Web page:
The Protective Role of 1,8-Dihydroxynaphthalene-Melanin on Conidia of the Opportunistic Human Pathogen Aspergillus fumigatus Revisited: No Role in Protection against Hydrogen Peroxide and Superoxides
mSphere. 2022 Jan 5:e0087421. doi: 10.1128/msphere.00874-21. Online ahead of print.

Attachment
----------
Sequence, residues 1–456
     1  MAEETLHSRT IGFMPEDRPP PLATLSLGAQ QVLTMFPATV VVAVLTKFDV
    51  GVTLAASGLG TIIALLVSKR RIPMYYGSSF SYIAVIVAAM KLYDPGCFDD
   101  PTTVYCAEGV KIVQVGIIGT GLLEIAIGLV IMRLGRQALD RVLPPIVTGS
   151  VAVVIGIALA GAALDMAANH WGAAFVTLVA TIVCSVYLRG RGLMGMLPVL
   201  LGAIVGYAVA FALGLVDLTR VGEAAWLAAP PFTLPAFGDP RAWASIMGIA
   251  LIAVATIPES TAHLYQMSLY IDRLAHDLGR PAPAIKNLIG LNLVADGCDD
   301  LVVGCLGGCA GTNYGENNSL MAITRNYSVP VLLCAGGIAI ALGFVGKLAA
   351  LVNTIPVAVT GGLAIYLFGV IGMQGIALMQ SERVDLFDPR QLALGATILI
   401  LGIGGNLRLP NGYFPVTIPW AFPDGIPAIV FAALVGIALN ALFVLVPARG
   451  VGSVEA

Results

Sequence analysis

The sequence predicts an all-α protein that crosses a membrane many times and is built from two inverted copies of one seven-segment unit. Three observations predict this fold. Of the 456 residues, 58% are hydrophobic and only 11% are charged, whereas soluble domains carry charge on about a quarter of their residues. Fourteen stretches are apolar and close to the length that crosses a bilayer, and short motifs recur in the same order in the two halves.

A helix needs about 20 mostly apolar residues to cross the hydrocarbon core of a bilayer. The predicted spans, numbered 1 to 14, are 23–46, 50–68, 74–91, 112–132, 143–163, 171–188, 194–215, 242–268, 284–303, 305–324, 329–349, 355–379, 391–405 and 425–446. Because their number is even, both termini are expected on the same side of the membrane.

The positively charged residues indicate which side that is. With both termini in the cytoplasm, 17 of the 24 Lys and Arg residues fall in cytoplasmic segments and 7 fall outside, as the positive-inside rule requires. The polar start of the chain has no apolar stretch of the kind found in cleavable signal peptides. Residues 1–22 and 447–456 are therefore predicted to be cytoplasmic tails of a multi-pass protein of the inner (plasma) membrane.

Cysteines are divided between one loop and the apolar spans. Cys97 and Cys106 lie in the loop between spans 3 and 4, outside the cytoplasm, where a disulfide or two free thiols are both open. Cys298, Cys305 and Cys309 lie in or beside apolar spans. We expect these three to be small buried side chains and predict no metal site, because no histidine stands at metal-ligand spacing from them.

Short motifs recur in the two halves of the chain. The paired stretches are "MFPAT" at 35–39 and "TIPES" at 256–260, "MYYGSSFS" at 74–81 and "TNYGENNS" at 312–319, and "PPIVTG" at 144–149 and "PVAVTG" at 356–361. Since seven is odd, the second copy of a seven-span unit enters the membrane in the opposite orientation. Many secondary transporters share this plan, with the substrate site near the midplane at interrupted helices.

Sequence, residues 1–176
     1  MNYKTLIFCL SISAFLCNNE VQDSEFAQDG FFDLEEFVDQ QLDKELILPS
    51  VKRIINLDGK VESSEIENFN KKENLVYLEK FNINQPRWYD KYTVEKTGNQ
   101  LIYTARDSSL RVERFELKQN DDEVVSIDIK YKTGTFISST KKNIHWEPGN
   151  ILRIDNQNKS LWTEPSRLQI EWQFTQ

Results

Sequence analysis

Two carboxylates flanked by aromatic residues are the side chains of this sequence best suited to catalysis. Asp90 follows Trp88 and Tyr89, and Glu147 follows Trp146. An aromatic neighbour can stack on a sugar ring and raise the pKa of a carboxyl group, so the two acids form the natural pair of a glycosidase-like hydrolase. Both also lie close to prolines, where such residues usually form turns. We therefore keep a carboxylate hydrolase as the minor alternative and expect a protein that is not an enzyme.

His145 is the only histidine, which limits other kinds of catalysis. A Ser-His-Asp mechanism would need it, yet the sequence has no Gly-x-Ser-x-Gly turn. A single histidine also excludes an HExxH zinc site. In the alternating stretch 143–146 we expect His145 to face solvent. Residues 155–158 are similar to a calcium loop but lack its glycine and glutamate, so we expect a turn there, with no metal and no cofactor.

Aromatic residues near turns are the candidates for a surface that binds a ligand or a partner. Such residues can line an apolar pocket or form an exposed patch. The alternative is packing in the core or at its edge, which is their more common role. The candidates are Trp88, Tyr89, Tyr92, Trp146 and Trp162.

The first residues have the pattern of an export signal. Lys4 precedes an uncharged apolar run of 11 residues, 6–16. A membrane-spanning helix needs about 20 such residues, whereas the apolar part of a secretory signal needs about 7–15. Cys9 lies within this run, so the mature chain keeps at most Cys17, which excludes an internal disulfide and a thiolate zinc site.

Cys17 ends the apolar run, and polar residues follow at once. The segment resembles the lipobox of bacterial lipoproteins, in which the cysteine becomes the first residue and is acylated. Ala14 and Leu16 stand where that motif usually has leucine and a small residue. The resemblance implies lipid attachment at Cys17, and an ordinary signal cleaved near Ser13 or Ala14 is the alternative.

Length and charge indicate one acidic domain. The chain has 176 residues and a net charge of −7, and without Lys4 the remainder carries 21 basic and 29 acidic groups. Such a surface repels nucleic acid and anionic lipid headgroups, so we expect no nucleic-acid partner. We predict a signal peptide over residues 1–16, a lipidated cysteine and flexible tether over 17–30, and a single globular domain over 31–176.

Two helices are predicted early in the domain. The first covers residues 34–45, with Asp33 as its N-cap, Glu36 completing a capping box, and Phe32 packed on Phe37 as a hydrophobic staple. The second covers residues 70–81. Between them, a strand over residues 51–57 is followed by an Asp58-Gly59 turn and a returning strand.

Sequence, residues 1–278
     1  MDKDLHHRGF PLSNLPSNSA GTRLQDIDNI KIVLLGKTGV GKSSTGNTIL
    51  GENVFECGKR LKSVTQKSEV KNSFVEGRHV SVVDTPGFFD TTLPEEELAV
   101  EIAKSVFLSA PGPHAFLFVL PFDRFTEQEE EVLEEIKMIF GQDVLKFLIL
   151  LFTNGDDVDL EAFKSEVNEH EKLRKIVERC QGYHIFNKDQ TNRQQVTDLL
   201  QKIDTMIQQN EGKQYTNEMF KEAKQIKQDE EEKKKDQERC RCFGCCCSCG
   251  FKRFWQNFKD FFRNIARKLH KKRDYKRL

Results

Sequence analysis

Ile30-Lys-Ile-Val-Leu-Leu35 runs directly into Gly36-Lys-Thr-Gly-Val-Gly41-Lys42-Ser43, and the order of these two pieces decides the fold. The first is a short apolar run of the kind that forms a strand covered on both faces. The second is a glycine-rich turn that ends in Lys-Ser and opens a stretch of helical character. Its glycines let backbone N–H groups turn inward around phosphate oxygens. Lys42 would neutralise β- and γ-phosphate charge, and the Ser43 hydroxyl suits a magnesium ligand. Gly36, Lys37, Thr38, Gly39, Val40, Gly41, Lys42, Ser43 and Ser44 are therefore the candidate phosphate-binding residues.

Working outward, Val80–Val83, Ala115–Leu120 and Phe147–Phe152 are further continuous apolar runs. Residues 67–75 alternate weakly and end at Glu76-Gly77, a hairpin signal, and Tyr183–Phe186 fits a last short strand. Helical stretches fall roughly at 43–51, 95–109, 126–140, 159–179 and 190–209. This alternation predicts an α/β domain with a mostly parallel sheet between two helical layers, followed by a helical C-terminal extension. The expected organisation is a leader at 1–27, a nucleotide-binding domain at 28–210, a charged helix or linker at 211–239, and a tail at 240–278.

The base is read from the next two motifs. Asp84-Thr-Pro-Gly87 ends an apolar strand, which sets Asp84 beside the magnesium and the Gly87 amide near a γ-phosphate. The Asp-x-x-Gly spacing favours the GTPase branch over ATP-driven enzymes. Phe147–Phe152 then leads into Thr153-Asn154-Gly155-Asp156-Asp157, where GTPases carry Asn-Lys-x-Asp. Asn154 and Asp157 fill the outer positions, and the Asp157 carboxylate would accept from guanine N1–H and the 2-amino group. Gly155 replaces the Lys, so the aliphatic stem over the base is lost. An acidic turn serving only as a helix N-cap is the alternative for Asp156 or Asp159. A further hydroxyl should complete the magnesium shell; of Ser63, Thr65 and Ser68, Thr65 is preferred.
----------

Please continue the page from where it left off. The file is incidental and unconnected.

Previously, 1,8-dihydroxynaphthalene (DHN)-melanin was described to protect Aspergillus fumigatus against hydrogen peroxide (H2O2), thereby protecting this opportunistic human pathogen from reactive oxygen species generated by the immune system. This was based on the finding that the ATCC 46645 mutant with mutations in the pksP gene of the DHN-melanin synthesis pathway showed increased sensitivity to reactive oxygen species compared to the wild type. Here, it is shown that deletion of the pksP gene in A. fumigatus strain CEA10 did not affect sensitivity for H2O2 and superoxide in a plate stress assay. In addition, direct exposure of the dormant white conidia of the pksP deletion strains to H2O2 did not result in increased sensitivity. Moreover, complementation of the ATCC 46645 pksP mutant strain with the wild-type pksP gene did result in pigmented conidia but did not rescue the H2O2-sensitive phenotype observed in the plate stress assay. Genome sequencing of the ATCC 46645 pksP mutant strain and its complemented strain revealed a mutation in the cat1 gene, likely due to the UV mutagenesis procedure used previously, which could explain the increased sensitivity toward H2O2. In summary, DHN-melanin is not involved in protection against H2O2 or superoxide and, thus, has no role in survival of conidia when attacked by these reactive oxygen species. IMPORTANCE Opportunistic pathogens like Aspergillus fumigatus have strategies to protect themselves against reactive oxygen species like hydrogen peroxides and superoxides that are produced by immune cells. DHN-melanin is the green pigment on conidia of Aspergillus fumigatus and more than 2 decades ago was reported to protect conidia against hydrogen peroxide. Here, we correct this misinterpretation by showing that DHN-melanin actually is not involved in protection of conidia against hydrogen peroxide. We show that UV mutagenesis that was previously used to select a pksP mutant generated many more genome-wide mutations. We discovered that a mutation in the mycelial catalase gene cat1 could explain the observed phenotype of increased hydrogen peroxide sensitivity. Our work shows that UV mutagenesis is not the preferred methodology to be used for generating mutants. It requires genome sequencing with single-nucleotide polymorphism analysis as well as additional validations to discard unwanted and confirm correct phenotypes.